Organizations have to strive in an uncertain and challenging environment, that is a fact. Then, why some organizations not only survive but emerge stronger, whereas others do not? In other words, why some organizations are resilient whereas others are not? Which are the factors that make the difference? Organizational resilient has an impact on performance? These are some of the questions that we tried to clarify in the study “How to emerge stronger: Antecedents and consequences of organizational resilience”.  During many years resilience has been considered as a trait that people and organizations have it or not. But the recent approach in the study of resilience considers it as a capacity employee have (which is promoted and supported by the organization) to use resources to positively cope, adapt and thrive in response to changing work circumstances. Moreover resilience comes not just from the dynamic capacity employees have to absorb stress but also from their ability to learn and grow from adversity to emerge even stronger than before. Therefore, it is of vital interest for organizations to know how to contribute to increasing the resilience capacity of their employees and the organization. Theoretically there are some clues about which factors can contribute to resilience and also the consequences. However, since this is a growing topic of interest, more empirical support is needed to prove what exactly can do organizations to build resilience within them and which is the relationship with firm performance.

First, regarding the resilience antecedents, it seems that the perception employees have that their employer provides resources to them and gives them opportunities to develop, helps them build a sense of resourcefulness and resilience. Accordingly, in this study we extended research in this field by proposing that a supportive employee work environment, based on responsible, ethical and protective human resource management practices -namely corporate social responsibility for employees- enhances organizational resilience. So, human resources corporate practices in terms of providing support to employees in organizations (e.g., employee safety, job security, profit-sharing, employee participation, treating employees fairly and equitably, etc.) could be an effective way of increasing employee resources and capabilities, and thus developing organizational resilience. Therefore, in our study we analyse the role corporate social responsibility towards employees (CSRE) plays in the promotion of resilience at work. On the other hand, talking about the consequences of resilience, empirically there are controversial studies about the direct effect of resilience on performance. So in our study we empirically show that CSRE had a positive influence on organizational resilience, which in turn affected firm performance via organizational learning capability. Resilient organizations develop a kind of strength that enables them to learn from adversity, and this is the role of organizational learning capability. So how resilient organizations link to performance is explained by the fact that organizations can learn from overcoming obstacles and facing adversity turning to an improvement of firm performance.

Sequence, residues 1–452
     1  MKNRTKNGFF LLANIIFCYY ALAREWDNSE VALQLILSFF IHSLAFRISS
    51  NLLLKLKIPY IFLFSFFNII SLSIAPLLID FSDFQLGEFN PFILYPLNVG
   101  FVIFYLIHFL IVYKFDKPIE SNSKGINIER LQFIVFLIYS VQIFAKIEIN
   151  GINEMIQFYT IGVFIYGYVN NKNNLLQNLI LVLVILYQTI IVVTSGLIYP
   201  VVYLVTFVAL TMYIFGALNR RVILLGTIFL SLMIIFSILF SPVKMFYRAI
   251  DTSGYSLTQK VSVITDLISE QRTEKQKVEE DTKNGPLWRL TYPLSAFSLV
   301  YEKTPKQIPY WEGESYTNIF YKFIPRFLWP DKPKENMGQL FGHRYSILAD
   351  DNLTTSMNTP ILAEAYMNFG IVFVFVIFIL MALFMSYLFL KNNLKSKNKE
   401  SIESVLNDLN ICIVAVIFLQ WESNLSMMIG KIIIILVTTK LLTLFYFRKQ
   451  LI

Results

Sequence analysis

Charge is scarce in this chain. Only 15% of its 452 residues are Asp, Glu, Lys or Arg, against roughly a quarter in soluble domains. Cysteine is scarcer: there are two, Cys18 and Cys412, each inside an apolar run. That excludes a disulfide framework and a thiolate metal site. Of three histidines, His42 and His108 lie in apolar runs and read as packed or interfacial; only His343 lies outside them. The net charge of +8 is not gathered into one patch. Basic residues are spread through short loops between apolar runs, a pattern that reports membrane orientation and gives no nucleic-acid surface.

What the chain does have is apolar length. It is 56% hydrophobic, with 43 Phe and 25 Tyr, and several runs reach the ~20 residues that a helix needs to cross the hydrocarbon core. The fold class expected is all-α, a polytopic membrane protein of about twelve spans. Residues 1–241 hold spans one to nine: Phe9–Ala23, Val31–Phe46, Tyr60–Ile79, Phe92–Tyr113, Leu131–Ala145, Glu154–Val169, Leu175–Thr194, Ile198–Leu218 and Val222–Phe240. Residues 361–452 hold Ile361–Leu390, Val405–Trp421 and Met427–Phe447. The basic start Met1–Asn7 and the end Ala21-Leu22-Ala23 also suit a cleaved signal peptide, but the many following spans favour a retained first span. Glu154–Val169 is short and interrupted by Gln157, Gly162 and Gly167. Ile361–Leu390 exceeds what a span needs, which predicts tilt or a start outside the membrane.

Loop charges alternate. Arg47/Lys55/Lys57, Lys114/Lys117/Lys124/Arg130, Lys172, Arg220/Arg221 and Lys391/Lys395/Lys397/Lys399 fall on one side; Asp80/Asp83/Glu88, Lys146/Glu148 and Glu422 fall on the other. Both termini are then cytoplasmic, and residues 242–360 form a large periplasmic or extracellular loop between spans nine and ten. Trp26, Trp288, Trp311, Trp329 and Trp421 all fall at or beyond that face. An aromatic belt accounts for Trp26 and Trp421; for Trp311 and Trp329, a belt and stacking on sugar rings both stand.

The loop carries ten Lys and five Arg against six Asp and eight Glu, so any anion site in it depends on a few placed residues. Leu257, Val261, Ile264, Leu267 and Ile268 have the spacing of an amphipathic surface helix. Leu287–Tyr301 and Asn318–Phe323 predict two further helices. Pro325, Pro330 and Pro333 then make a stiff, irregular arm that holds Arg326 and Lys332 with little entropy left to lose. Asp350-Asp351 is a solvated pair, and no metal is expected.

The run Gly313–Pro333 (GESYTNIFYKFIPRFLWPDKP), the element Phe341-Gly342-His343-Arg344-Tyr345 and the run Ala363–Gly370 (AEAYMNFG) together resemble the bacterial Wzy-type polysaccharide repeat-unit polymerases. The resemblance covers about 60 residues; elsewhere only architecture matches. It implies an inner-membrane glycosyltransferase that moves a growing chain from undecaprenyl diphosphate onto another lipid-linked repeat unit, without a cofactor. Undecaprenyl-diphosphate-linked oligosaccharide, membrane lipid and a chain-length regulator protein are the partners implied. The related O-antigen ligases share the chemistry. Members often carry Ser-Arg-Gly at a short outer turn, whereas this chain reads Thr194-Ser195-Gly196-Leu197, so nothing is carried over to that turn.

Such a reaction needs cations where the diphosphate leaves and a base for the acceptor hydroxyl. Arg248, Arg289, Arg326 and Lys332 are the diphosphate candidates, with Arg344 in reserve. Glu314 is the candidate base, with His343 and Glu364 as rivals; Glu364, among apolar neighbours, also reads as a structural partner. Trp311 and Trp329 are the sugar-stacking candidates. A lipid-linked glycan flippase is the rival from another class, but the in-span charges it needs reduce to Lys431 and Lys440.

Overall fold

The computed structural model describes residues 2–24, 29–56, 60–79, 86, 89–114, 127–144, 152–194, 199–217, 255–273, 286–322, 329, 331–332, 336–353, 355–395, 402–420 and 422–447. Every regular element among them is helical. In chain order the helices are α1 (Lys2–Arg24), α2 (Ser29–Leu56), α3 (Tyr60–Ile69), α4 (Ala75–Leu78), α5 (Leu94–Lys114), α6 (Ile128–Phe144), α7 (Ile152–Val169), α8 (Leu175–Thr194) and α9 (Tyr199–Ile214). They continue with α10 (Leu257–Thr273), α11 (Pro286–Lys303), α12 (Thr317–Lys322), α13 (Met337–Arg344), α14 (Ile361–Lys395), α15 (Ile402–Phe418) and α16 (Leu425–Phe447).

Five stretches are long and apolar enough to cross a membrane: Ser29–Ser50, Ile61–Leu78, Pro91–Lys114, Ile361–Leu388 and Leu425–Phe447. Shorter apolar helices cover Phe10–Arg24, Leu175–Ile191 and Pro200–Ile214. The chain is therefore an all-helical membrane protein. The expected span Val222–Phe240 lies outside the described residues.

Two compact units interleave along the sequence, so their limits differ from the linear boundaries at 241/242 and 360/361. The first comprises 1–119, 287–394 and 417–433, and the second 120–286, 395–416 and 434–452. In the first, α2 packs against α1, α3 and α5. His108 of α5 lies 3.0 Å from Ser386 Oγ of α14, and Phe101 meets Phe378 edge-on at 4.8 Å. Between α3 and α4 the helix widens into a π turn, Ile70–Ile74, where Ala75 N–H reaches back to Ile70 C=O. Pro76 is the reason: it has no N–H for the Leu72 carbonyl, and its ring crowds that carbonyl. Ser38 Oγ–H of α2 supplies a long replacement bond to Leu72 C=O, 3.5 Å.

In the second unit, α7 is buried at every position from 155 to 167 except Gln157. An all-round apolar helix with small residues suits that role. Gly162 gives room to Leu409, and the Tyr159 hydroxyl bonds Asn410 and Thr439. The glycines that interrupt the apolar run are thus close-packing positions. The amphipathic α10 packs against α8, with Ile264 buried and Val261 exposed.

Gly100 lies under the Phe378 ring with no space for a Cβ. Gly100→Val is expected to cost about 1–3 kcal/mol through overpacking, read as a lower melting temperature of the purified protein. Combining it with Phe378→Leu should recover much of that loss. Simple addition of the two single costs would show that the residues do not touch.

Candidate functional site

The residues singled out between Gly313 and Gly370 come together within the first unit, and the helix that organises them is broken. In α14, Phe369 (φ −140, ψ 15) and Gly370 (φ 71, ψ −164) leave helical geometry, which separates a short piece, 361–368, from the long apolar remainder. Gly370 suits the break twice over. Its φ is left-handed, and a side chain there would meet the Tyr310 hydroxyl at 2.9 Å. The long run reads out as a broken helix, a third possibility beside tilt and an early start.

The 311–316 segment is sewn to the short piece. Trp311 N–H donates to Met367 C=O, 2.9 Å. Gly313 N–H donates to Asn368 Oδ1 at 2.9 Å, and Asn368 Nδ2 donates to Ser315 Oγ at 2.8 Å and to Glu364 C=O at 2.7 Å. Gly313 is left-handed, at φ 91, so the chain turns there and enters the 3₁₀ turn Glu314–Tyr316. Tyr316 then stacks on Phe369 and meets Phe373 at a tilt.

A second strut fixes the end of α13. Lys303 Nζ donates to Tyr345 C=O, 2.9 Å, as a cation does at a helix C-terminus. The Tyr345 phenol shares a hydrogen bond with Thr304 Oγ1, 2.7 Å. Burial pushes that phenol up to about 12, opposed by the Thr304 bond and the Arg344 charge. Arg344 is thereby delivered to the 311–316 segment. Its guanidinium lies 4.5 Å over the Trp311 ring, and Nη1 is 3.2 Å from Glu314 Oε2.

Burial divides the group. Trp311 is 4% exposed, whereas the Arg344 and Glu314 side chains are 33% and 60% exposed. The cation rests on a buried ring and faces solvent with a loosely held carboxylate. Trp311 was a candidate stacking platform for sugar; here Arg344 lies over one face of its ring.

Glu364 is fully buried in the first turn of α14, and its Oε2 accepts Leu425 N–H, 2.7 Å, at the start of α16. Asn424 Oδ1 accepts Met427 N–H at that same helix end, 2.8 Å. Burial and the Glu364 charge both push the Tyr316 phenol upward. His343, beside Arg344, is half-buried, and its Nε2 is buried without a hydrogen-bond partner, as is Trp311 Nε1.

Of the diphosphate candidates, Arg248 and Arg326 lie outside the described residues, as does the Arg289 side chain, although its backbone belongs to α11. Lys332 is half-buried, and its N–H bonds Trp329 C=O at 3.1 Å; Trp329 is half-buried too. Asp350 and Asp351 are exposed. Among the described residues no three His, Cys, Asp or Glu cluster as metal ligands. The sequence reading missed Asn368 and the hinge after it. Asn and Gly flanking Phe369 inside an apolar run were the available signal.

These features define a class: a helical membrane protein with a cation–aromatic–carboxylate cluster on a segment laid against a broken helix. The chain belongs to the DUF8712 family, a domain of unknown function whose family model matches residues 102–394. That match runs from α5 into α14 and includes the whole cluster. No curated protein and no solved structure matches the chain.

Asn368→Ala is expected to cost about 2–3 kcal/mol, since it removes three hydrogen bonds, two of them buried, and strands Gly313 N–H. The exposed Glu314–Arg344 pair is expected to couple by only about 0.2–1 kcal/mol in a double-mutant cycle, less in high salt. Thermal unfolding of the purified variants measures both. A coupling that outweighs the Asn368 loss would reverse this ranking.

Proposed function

Although there is still much research to be done on the antecedents of organizational resilience and its consequences, our study marks a step forward in showing the human-side of building organizational resilience, beyond financial and technologic resources. We really believe that practices linked to employee welfare make a difference in building a resilient atmosphere in the organization that in turn may lead to better firm performance by means of improving the organizational learning capability.

Read the full article How to emerge stronger: Antecedents and consequences of organizational resilience‘ published in Journal of Management & Organization

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